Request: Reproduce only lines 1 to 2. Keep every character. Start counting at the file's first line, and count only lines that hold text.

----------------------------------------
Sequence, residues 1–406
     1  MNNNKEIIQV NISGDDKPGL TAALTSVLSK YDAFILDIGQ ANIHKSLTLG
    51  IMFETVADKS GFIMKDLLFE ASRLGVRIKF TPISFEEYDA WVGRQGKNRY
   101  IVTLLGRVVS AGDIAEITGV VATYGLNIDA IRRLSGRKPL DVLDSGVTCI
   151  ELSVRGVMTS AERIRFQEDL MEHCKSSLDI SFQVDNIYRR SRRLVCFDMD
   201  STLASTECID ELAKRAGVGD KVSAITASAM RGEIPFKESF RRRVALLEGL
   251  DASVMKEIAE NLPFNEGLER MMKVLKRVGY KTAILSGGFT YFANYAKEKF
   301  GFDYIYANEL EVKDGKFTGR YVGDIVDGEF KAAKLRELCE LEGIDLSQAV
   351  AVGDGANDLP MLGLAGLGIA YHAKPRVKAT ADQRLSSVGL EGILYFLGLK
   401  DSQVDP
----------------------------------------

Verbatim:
Sequence, residues 1–406
     1  MNNNKEIIQV NISGDDKPGL TAALTSVLSK YDAFILDIGQ ANIHKSLTLG